<https://datatracker.ietf.org/doc/html/draft-kunze-ark>.

   [FOAF]     Brickley, D. and L. Miller, "FOAF Vocabulary Specification
              0.99", January 2014, <http://xmlns.com/foaf/spec/>.

   [identifier-blog]
              Nelson, M. and H. Van de Sompel, "Linking to Persistent
              Identifiers with rel=identifier", July 2016, <http://ws-
              dl.blogspot.com/2016/11/2016-11-07-linking-to-
              persistent.html>.

   [PIDs-must-be-used]
              Van de Sompel, H., Klein, M., and S. Jones, "Persistent
              URIs Must Be Used To Be Persistent", February 2016,
              <https://arxiv.org/abs/1602.09102>.

   [PURLs]    "Persistent uniform resource locator", April 2017,
              <https://en.wikipedia.org/wiki/
              Persistent_uniform_resource_locator>.








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Appendix A.  Acknowledgements

   Thanks for comments and suggestions provided by Martin Klein, Harihar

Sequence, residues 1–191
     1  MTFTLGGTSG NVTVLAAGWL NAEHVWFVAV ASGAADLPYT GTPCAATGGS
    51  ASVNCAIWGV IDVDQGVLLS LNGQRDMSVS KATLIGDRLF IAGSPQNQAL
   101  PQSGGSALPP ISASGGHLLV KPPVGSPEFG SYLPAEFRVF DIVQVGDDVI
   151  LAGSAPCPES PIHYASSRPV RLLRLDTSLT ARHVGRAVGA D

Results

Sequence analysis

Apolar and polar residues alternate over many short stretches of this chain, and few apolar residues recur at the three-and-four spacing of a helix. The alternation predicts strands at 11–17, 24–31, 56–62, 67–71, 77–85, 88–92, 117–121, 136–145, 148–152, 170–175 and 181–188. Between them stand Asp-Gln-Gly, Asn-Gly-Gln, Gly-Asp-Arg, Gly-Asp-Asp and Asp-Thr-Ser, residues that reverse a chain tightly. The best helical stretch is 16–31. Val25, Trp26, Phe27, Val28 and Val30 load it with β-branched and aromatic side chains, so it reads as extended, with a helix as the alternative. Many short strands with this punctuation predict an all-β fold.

Shankar, Peter Williams, John Howard, Mark Nottingham.

Authors' Addresses

   Herbert Van de Sompel
   Los Alamos National Laboratory

   Email: herbertv@lanl.gov
   URI:   http://public.lanl.gov/herbertv/


   Michael Nelson
   Old Dominion University

   Email: mln@cs.odu.edu
   URI:   http://www.cs.odu.edu/~mln/


   Geoffrey Bilder
   Crossref

   Email: gbilder@crossref.org
   URI:   https://www.crossref.org/authors/geoffrey-bilder/


   John Kunze
   California Digital Library

   Email: jak@ucop.edu
   URI:   http://www.cdlib.org/contact/staff_directory/jkunze.html


   Simeon Warner
   Cornell University

   Email: simeon.warner@cornell.edu
   URI:   https://orcid.org/0000-0002-7970-7855